Richard Zemel is a Professor and Machine Learning Research Chair in the Department of Computer Science at the University of Toronto. He will be joining the faculty in the Computer Science Department at Columbia University this summer. He is a Co-Founder and the Research Director of the Vector Institute for Artificial Intelligence. His awards include an NVIDIA Pioneers of AI Award, an ONR Young Investigator Award, a CIFAR AI Chair, and two NSERC Discovery Accelerators. Richard is on the Advisory Board of the Neural Information Processing Society. Professor Zemel current research interests include learning useful representations of data without any supervision, algorithmic fairness, learning with little data, and graph-based machine learning. His research is supported by grants from NSERC, CIFAR, Microsoft, Google, Samsung, DARPA, and iARPA.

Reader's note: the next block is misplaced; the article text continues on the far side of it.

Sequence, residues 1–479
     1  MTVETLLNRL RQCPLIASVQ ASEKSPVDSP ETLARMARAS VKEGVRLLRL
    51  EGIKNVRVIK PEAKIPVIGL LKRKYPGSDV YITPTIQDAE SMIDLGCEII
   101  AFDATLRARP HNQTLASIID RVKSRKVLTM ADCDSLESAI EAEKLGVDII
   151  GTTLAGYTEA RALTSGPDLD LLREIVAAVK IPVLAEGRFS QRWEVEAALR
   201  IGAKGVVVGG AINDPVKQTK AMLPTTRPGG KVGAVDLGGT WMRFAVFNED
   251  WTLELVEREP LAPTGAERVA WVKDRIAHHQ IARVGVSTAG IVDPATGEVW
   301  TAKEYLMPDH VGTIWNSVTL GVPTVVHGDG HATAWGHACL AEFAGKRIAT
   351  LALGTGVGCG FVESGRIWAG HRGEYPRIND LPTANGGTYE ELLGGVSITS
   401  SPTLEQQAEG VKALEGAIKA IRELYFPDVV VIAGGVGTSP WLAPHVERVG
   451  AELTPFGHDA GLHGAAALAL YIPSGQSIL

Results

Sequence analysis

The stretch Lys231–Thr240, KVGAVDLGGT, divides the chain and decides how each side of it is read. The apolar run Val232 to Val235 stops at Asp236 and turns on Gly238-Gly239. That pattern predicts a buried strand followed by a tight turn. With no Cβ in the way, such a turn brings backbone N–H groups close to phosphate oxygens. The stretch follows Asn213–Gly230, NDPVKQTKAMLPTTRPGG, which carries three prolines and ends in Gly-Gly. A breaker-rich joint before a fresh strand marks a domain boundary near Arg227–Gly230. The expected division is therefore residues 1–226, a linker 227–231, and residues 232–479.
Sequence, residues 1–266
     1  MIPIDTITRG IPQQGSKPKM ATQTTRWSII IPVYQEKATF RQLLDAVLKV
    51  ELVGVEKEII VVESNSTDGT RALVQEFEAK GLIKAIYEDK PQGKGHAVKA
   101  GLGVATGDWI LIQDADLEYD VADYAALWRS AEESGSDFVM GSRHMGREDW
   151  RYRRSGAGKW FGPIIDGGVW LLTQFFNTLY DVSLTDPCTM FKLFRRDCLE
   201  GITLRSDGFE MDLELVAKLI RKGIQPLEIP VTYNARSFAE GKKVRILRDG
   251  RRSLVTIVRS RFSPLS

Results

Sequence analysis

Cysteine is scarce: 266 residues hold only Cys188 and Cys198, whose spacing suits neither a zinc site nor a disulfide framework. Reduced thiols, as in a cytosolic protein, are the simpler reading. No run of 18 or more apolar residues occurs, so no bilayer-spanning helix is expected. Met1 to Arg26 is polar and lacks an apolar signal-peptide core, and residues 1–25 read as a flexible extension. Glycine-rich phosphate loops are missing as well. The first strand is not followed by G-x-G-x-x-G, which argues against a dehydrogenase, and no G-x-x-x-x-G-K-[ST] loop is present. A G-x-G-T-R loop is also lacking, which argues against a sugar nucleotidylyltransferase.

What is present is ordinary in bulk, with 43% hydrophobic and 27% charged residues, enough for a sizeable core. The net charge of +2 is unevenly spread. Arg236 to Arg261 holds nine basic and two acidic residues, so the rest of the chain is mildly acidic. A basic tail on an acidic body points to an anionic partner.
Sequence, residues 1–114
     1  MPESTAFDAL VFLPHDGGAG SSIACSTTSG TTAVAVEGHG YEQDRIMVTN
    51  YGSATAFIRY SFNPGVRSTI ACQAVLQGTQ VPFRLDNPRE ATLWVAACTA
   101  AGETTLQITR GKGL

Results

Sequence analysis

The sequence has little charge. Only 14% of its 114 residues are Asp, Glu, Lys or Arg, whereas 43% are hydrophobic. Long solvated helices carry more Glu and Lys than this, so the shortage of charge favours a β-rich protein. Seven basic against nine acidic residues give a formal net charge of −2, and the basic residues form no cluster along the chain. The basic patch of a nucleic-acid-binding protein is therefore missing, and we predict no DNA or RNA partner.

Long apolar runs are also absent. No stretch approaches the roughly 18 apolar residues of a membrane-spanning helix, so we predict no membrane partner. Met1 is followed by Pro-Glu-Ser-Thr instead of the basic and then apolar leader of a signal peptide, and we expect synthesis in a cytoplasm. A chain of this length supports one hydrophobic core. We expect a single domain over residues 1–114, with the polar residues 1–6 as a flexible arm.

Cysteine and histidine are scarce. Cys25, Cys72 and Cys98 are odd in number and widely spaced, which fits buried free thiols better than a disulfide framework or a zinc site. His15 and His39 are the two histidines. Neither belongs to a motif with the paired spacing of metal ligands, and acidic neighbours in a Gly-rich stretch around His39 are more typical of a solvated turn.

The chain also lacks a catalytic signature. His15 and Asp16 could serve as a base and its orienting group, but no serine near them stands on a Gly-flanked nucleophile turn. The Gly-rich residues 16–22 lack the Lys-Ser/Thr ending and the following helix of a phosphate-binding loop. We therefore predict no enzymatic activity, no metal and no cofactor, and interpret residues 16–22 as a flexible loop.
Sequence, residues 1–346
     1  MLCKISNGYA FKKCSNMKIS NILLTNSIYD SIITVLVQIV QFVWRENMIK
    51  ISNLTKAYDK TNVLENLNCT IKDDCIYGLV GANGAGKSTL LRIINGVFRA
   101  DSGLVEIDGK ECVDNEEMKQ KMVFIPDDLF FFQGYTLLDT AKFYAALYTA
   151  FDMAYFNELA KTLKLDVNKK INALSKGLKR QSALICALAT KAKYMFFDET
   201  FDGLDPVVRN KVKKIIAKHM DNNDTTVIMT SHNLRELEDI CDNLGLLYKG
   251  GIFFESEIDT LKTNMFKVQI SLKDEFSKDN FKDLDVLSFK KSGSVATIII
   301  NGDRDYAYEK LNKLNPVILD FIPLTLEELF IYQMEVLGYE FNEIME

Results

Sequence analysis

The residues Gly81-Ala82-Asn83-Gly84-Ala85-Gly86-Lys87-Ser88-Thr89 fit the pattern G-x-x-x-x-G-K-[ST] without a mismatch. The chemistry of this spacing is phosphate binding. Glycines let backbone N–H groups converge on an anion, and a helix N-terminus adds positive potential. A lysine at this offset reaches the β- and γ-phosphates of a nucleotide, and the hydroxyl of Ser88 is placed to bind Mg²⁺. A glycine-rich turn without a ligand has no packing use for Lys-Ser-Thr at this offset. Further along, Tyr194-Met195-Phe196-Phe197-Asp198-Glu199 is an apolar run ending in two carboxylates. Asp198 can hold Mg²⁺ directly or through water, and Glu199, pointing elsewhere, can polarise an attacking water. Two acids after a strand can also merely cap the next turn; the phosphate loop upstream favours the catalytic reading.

The last few years have seen significant advances and real-world applications in machine learning and artificial intelligence, which have also led to a myriad of challenges. In this talk I will focus on three fundamental issues that confront our attempts to build flexible and effective ML systems. How can new tasks be learned readily, with relatively few examples? How can these systems maintain strong performance as the environment they are operating in differs from the training environment? I will discuss current approaches to these problems, and some surprising links to a third problem: how can these systems avoid discriminating against individuals or groups? I will highlight their successes and also current limitations and open problems.